FIG. 5 depicts a non-axisymmetric coupling aperture; and
FIG. 6 depicts an equivalent circuit representation of a non-axisymmetric coupling aperture.
To facilitate understanding, identical reference numerals have been used, where possible, to designate identical elements that are common to the figures.
The disadvantages associated with prior art side-coupled standing wave linear accelerator structures can be eliminated by the structure shown in FIG. 2. The excited electrons on the cathode 11 (within electron gun 1) are accelerated by the voltage applied between the cathode 11 and an additional anode 12. The electrons are injected first into a relatively small re-entrant cavity 13, which is formed between an additional anode 12 and the original anode 14. The diameter of the re-entrant cavity 13 is about half the diameter of cavities 16, 17, 18 and 8. The electron velocity is modulated slightly by the microwave field leaked through the apertures 15 axisymmetrically placed between first accelerating cavity and the re-entrant cavity 13 that is placed between the electron gun 1 and the first cavity 16. This low level microwave power coupling can be obtained through either electric or magnetic axisymmetric coupling apertures 15. Alternatively, low level microwave power can be fed to the re-entrant cavity 13 through a coaxial cable and coupling loop antenna. As a result, while the electron is traveling through the beam aperture 14, electrons are prebunched and injected into the first cavity 16. By choosing an appropriate gun voltage (approximately 10-15 kV), drift distance (about 16 mm), and modulating power level (about 5 kW), almost all prebunched electrons are accepted into the first accelerator cavity 16.
Also, the first cavity 16 is coupled with the accelerating cavity 18 through a disk-shaped coupling cavity 17 where microwave power is coupled electrically through electrical coupling apertures 20 and 21. The advantage of using electrical coupling is that the coupling aperture can be axisymmetric as showing in FIG. 3 (FIG. 4 depicts an equivalent circuit representation of the aperture of FIG. 3) instead of a non-axisymmetric coupling aperture as shown in FIG. 5 (FIG. 6 depicts an equivalent circuit representation of the aperture of FIG. 5). As a result, the slower bunched electrons injected through the beam aperture 14 are axisymmetrically accelerated with a high accelerating microwave electric field in the first cavity 16. While these pre-accelerated electrons are further bunched through drifting in the cavity 17 where no accelerating field existed, they are injected into a main accelerating cavity 18 where electron energy may reach above 1Million Volts. At that time, the longitudinal momentum is high enough so that the electron will not be affected significantly by nonsymmetrical accelerating fields which the rest of the accelerator cavity has.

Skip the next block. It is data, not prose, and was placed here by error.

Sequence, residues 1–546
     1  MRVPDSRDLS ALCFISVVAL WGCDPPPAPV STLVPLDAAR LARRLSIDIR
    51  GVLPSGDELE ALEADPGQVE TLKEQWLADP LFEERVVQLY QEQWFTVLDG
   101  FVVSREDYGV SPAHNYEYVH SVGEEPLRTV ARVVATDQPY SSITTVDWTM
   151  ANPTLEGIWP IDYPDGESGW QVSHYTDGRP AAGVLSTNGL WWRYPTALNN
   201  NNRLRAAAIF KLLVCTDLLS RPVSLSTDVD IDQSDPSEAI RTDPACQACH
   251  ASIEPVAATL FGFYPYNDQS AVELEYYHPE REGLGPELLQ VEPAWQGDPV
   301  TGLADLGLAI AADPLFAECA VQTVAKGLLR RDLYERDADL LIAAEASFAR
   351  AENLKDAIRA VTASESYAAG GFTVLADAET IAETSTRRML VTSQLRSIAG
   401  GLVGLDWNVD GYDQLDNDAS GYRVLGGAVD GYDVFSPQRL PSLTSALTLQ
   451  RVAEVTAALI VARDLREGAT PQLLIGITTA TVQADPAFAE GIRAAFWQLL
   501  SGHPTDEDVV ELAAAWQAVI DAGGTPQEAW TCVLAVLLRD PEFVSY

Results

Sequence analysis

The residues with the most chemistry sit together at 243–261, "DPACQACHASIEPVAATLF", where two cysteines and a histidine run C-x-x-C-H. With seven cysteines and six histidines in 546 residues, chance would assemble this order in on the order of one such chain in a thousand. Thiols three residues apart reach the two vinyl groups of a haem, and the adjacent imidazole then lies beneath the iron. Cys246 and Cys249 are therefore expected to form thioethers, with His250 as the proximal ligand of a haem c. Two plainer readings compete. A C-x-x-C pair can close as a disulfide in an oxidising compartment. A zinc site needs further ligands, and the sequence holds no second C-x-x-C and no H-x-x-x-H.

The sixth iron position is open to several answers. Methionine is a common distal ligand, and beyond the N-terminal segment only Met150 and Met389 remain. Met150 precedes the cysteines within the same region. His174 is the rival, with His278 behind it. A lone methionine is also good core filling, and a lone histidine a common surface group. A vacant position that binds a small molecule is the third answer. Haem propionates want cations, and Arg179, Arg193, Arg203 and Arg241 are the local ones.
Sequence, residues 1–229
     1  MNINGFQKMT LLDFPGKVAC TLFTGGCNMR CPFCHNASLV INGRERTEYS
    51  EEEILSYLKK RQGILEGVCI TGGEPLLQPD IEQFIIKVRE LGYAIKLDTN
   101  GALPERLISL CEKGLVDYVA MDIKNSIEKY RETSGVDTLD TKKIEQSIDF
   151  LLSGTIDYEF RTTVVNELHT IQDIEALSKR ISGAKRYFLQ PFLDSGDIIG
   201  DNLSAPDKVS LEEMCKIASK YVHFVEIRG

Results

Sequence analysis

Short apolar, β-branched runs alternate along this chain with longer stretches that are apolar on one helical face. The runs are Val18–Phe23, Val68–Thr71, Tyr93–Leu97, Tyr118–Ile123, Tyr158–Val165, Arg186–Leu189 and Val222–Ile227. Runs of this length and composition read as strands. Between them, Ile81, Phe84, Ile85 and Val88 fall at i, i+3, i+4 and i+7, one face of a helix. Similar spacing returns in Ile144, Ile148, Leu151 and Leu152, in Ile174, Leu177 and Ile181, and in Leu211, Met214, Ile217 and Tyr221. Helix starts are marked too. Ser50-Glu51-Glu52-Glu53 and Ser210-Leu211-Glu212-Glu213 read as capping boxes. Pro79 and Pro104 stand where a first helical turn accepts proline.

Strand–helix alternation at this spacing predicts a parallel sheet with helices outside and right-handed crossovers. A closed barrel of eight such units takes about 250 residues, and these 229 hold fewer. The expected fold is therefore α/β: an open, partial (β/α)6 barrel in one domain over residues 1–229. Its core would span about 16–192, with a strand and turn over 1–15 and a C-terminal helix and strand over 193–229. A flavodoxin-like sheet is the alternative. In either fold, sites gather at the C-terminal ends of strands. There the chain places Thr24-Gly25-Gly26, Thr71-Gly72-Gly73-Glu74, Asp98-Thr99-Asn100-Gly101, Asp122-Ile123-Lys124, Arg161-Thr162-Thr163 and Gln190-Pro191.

In this way the accelerator structure of the present invention offers the following characteristics:
1. The accelerated electrons will maintain axisymmetric charge distribution while pre-acceleration is accomplished by axisymmetric accelerating field obtained by electrical aperture coupling between the first accelerating cavity and the second main accelerating cavity.
2. Both electrical and magnetic couplings are mixed within one structure in order to utilize both advantages.
3. The generated electrons can be prebunched within the tiny prebuncher (re-entrant) cavity before entering into the first accelerating cavity. The prebuncher cavity can be axisymmetrically excited magnetically or electrically through very small apertures between the first accelerating cavity and the prebunching tiny cavity.
4. The accelerator utilizes different operational modes, such as π/2 and π mode, within a single section standing wave structure.
Although various embodiments which incorporate the teachings of the present invention have been shown and described in detail herein, those skilled in the art can readily devise many other varied embodiments that still incorporate these teachings. For instance, the invention can be readily utilized for longer high energy dual photon accelerators where low energy, high current beam must be transported through a longer accelerating structure. Another application is for the high gradient, higher energy RF gun where beam emittance and symmetry are very important.
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|U.S. Classification||315/5.41, 315/5.52, 315/505, 315/5.51, 315/5.39, 315/5.42|
|International Classification||H05H7/18, H05H9/04|
|Cooperative Classification||H05H7/18, H05H9/04|
|European Classification||H05H9/04, H05H7/18|
|Dec 31, 2002||CC||Certificate of correction|
|Apr 22, 2005||FPAY||Fee payment|
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|Feb 18, 2009||FPAY||Fee payment|
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|Feb 14, 2013||FPAY||Fee payment|